1. Earnings on non-qualified withdrawals may be subject to federal income tax and a 10% federal penalty tax, as well as state and local income taxes. Federal law allows distributions for tuition expenses in connection with enrollment or attendance at an elementary or secondary public, private or religious school (“K-12 Tuition Expenses”) of up to $10,000 per beneficiary per year. Under New York State law, distributions for K-12 Tuition Expenses will be considered non-qualified withdrawals and will require the recapture of any New York State tax benefits that have accrued on contributions.
2. The maximum aggregate balance of all accounts for the same beneficiary in qualified tuition programs sponsored by the State of New York, as established by the Program Administrators from time to time, which will limit the amount of contributions that may be made to accounts for anyone beneficiary, as required by Section 529 of the Internal Revenue Code. The current maximum account balance is $520,000
3. Maximum gifts are $150,000 per beneficiary from married couples and $75,000 from single tax filers. No additional gifts can be made to the same beneficiary over a five-year period. If the donor does not survive the five years, a portion of the gift is returned to the taxable estate.
4. Strategic Insight, 529 Industry Analysis: 2019.
5. Earnings on non-qualified withdrawals may be subject to federal income tax and a 10% federal penalty tax, as well as state and local income taxes.
Clearly Outline the Costs
When a child goes to college, there are often more expenses to be covered than tuition alone. Understanding the true costs of college will help you to be prepared. College costs may include:
- Tuition and fees
- Room and board
- Books and supplies
- Personal expenses
- Transportation, including airfare
Keeping Costs Low
- Students have a variety of options for keeping their college costs down. Consider that your child could:
- Live at home while they attend college, saving them money on room and board.
- Choose community college. Most two-year colleges have lower tuition.
- Gain a two-year associate degree or certificate and join the workforce.
- Use community college as a supplemental option to a four-year bachelor's degree by transferring to a four-year college after one or two years.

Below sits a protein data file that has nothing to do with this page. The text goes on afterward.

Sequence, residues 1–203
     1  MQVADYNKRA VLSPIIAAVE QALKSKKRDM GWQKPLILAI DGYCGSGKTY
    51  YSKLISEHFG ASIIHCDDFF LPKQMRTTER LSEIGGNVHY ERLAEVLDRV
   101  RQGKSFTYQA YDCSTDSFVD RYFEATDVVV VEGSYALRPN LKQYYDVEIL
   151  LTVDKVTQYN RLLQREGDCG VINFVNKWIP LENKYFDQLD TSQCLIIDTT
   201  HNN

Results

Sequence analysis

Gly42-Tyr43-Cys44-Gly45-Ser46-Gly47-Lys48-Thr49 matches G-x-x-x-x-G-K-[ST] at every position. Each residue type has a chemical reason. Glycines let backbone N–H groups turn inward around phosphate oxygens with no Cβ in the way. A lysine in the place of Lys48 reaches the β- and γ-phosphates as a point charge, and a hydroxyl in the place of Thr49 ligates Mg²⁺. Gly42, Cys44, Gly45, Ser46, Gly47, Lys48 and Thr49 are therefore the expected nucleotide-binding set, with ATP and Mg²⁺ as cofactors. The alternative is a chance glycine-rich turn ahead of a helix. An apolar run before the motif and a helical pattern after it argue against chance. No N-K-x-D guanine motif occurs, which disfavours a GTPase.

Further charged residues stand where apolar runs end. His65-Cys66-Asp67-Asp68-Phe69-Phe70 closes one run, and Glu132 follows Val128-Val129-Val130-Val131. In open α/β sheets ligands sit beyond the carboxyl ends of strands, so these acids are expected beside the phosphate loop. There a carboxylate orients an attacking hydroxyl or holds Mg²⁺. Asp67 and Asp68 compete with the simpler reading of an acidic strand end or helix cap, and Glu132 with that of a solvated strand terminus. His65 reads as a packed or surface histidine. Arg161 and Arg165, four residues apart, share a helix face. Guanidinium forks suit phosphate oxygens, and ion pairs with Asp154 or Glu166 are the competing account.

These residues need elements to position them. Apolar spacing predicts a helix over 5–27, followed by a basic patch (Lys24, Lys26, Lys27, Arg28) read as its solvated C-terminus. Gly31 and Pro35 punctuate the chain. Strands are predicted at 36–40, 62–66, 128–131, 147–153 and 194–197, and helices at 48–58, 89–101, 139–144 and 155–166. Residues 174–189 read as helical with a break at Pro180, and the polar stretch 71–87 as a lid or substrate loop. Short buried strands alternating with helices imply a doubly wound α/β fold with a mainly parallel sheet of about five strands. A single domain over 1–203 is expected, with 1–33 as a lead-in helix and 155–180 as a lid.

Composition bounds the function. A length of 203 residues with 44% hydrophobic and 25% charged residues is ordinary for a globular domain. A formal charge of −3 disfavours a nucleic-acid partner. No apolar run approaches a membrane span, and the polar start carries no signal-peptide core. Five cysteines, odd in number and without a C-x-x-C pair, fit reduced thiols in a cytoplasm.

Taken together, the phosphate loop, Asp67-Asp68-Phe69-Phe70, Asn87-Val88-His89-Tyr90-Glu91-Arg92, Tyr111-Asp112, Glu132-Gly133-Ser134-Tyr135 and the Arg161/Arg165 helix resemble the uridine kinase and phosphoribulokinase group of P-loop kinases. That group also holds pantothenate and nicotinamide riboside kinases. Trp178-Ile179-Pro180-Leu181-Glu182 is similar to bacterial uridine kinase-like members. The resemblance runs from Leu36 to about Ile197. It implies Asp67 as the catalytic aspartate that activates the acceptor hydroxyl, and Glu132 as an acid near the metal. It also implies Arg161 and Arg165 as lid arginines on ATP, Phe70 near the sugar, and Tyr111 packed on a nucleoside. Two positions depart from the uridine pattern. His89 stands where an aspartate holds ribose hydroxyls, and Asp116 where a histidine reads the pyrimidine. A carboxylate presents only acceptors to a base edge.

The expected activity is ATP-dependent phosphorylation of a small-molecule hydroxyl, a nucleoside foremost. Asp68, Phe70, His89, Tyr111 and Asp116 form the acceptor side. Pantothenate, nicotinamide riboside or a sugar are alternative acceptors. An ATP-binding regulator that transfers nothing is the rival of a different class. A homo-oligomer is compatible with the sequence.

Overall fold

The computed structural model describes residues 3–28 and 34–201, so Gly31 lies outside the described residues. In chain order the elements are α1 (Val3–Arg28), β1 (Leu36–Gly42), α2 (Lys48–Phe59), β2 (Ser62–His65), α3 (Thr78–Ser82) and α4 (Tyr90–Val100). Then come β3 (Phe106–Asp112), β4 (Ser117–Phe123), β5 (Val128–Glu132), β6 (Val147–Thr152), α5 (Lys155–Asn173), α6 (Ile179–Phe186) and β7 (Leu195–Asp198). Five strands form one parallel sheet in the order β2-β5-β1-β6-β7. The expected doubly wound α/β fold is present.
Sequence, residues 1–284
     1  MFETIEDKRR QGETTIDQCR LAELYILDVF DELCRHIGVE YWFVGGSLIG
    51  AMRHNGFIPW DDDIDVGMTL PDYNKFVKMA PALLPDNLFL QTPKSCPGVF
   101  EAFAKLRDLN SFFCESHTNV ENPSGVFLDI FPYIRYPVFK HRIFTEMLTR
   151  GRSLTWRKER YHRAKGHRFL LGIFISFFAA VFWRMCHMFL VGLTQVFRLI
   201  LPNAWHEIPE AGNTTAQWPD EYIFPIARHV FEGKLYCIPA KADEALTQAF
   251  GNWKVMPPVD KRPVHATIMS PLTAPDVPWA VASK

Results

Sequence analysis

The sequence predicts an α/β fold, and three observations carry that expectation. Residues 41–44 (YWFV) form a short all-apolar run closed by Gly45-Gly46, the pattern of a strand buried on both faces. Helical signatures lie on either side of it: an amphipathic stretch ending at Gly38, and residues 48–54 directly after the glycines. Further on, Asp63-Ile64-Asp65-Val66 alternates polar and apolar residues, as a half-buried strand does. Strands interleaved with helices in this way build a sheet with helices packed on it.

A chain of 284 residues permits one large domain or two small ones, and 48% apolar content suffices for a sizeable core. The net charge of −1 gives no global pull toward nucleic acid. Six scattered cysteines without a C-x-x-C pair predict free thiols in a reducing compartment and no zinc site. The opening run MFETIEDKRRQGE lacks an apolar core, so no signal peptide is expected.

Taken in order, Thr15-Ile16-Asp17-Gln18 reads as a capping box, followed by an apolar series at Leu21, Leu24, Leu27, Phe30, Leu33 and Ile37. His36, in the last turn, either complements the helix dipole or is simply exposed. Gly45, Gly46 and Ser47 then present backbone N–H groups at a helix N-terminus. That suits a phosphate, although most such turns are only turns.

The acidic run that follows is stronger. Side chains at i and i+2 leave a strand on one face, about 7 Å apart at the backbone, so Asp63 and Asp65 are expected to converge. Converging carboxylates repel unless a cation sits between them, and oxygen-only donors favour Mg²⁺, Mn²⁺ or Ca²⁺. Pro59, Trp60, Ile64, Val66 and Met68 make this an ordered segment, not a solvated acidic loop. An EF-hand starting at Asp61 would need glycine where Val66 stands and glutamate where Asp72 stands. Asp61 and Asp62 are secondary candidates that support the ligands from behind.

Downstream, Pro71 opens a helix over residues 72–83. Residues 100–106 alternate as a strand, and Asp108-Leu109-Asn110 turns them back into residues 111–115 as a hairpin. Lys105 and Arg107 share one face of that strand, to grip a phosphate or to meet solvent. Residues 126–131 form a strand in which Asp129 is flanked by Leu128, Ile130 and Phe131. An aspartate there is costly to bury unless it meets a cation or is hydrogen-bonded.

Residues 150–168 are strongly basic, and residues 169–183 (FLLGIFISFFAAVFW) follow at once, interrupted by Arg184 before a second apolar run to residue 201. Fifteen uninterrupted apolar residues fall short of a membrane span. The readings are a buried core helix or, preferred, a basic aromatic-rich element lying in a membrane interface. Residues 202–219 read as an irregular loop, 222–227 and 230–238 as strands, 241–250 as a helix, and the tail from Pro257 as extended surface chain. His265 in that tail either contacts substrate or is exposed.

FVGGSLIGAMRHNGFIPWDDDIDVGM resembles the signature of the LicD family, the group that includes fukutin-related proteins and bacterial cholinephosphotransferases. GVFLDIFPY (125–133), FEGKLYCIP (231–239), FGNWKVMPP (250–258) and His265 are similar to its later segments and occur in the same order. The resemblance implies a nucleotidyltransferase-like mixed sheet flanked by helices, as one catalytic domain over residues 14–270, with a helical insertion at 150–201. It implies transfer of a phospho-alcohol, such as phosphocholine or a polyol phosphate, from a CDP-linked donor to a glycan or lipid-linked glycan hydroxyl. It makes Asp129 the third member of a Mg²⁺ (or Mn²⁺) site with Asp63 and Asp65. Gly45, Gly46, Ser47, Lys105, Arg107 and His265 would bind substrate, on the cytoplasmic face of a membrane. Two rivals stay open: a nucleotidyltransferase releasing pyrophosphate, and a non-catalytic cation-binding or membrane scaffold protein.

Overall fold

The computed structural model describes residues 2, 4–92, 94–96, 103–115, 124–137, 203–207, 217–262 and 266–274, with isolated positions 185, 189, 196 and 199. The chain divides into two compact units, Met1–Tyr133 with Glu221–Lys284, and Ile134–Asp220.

- Graduate from college early. It will save money if your child can earn enough college credits to graduate in less than four years.
- Take Advanced Placement (AP) classes and exams in high school. Many U.S. colleges offer credit for qualifying scores on AP Exams.
- Take classes at a community college the summer before entering college—but, it's crucial to find out if the course credits are transferable.
- Get a part-time job. Your child could reduce some of their college costs with a paycheck from a job. Some colleges also offer work-study programs.
Financial Planning, Tailored to Your Life
As your partner for a well planned life, we are here to help you plan strategies, so you can feel better prepared to meet the increasing costs of a college education. Call us for financial planning - and life planning - that’s tailored to your unique financial priorities.
Let the Morey & Quinn financial advisors show you the value of a Well Planned Life.
Morey & Quinn Wealth Partners
Raymond James® LIFE WELL PLANNED.
Toll Free: 877.541.6593
11225 Davenport St, Suite 109
Omaha, NE 68154
Any opinions are those of Bobbie Salow, and not necessarily those of RJFS or Raymond James. The information contained in this report does not purport to be a complete description of the securities, markets, or developments referred to in this material. Investing involves risk and you may incur a profit or loss regardless of strategy selected.
Raymond James does not provide tax or legal services. Please discuss these matters with the appropriate professional.
As with other investments, there are generally fees and expenses associated with participation in a 529 plan. There is also a risk that these plans may lose money or not perform well enough to cover college costs as anticipated. Most states offer their own 529 programs, which may provide advantages and benefits exclusively for their residents. The tax implications can vary significantly from state to state.